Ford gets ready to cut jobs
Trump’s job creation, 100 days in
Ford Motor, under pressure from shareholders to cut costs in the face of lower profits and falling share price, could be getting ready to make deep cuts in its worldwide staff.
The Wall Street Journal reported late Monday evening that Ford plans to cut about about 10% of its worldwide work force, which comes to about 20,000 jobs. The paper cited people familiar with the proposal.
Reuters and the Detroit News both reported Tuesday that 10% cuts are under consideration. The reports say that most of the jobs would be salaried workers who do not have union protection, rather than the 57,000 U.S. hourly staff who work on assembly lines.
The company would not confirm or deny the report Monday, saying only that "reducing costs and becoming as lean and efficient as possible" is one of its key priorities, but that it has yet to announce any new job cuts. It would not comment on the Journal report.
But the company announced last month that it is looking to reduce costs by $3 billion in order to offset efforts to invest in "emerging opportunities."
The company has announced that efforts to develop the next generation of electric and self-driving cars would lead to a lower profit margin in the near term. Those are expensive, long-term bets that will take some time to pay off, if they ever do. Ford announced the $3 billion cost cutting goal at the same time it reported sharply lower first quarter earnings.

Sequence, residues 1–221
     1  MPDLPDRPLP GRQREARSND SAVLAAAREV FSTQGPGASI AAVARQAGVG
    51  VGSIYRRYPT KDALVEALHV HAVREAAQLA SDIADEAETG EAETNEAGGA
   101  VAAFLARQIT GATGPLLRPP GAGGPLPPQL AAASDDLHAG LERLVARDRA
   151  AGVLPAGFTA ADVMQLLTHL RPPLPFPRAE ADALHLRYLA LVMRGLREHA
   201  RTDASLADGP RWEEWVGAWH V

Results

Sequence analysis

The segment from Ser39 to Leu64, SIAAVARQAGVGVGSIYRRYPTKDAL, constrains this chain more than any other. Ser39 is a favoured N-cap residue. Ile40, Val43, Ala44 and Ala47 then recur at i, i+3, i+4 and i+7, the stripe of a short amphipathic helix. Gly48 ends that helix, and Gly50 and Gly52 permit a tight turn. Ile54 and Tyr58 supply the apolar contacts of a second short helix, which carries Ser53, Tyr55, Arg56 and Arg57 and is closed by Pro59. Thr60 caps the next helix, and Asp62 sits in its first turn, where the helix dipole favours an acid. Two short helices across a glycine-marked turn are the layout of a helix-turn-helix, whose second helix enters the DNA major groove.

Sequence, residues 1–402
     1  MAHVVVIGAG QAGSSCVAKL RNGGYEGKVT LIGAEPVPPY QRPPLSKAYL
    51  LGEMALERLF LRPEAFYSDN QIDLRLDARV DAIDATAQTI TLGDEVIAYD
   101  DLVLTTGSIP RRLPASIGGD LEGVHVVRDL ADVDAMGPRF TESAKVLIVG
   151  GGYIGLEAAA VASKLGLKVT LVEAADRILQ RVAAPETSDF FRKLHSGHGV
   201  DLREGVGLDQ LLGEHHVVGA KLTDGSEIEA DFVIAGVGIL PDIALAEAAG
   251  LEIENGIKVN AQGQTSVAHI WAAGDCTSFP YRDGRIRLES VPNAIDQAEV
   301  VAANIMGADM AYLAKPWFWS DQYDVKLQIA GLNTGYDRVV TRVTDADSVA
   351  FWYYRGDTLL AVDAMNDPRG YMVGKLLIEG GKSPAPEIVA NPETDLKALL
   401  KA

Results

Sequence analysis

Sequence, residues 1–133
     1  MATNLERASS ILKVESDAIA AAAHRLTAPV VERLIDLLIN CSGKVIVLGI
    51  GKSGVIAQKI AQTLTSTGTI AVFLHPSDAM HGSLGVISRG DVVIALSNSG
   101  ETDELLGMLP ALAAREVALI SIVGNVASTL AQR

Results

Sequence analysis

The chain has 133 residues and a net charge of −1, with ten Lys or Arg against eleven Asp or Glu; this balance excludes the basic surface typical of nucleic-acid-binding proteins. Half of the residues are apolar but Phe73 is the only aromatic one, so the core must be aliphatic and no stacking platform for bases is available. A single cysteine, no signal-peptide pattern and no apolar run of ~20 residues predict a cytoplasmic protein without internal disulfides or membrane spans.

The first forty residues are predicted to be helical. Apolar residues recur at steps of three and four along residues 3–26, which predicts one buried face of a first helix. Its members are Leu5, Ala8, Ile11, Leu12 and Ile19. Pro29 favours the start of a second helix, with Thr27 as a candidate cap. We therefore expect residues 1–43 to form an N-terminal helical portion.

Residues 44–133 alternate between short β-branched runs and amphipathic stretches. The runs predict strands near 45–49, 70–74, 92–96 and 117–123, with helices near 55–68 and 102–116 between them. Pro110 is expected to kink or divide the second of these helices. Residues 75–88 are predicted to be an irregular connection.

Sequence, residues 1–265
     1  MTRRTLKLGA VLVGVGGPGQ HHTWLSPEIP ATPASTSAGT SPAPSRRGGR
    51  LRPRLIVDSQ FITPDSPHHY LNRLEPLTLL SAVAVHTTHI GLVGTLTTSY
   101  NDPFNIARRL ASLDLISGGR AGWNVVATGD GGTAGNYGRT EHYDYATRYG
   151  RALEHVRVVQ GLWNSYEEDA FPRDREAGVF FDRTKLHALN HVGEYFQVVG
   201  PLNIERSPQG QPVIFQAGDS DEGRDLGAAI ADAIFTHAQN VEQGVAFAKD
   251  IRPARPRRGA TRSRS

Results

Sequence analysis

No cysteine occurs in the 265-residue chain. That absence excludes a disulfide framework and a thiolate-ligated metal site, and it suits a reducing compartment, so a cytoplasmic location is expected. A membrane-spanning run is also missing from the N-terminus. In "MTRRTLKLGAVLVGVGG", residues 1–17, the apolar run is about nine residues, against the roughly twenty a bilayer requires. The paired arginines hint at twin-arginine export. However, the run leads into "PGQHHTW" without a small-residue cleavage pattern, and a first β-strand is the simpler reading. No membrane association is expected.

But Ford and other U.S. automakers also have been under pressure from President Donald Trump to create U.S. jobs. As a candidate for president last year he repeatedly hammered Ford for its investment in plants in Mexico.
Ford won praise from Trump when it announced in early January that it was scrapping plans for a plant in Mexico and would invest $700 million in a Michigan plant to build electric and self-driving cars.
But the company is still moving ahead with plans announced last year to shift all small car production to Mexico. Plans for the next Mexican plant were dropped because of lower demand for small cars altogether. The small cars that were to be built there will now be built at another Mexican plant.
— CNNMoney’s Rob McLean contributed to this report